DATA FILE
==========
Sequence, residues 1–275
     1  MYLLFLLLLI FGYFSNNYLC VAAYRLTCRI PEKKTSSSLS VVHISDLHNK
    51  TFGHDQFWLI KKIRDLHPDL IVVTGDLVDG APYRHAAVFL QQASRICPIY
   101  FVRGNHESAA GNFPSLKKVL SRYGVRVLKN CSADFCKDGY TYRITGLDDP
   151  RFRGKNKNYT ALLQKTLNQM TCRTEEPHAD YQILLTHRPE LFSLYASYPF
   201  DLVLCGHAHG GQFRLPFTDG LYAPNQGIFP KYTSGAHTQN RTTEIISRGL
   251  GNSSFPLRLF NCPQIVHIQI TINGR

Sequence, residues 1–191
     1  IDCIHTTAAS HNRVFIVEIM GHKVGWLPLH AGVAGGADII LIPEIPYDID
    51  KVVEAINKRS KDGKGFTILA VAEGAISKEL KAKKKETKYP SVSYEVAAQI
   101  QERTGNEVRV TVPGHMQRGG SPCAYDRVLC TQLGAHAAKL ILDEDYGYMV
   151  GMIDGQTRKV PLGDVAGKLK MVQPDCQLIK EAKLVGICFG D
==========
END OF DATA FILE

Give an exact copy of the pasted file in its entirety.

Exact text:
Sequence, residues 1–275
     1  MYLLFLLLLI FGYFSNNYLC VAAYRLTCRI PEKKTSSSLS VVHISDLHNK
    51  TFGHDQFWLI KKIRDLHPDL IVVTGDLVDG APYRHAAVFL QQASRICPIY
   101  FVRGNHESAA GNFPSLKKVL SRYGVRVLKN CSADFCKDGY TYRITGLDDP
   151  RFRGKNKNYT ALLQKTLNQM TCRTEEPHAD YQILLTHRPE LFSLYASYPF
   201  DLVLCGHAHG GQFRLPFTDG LYAPNQGIFP KYTSGAHTQN RTTEIISRGL
   251  GNSSFPLRLF NCPQIVHIQI TINGR

Sequence, residues 1–191
     1  IDCIHTTAAS HNRVFIVEIM GHKVGWLPLH AGVAGGADII LIPEIPYDID
    51  KVVEAINKRS KDGKGFTILA VAEGAISKEL KAKKKETKYP SVSYEVAAQI
   101  QERTGNEVRV TVPGHMQRGG SPCAYDRVLC TQLGAHAAKL ILDEDYGYMV
   151  GMIDGQTRKV PLGDVAGKLK MVQPDCQLIK EAKLVGICFG D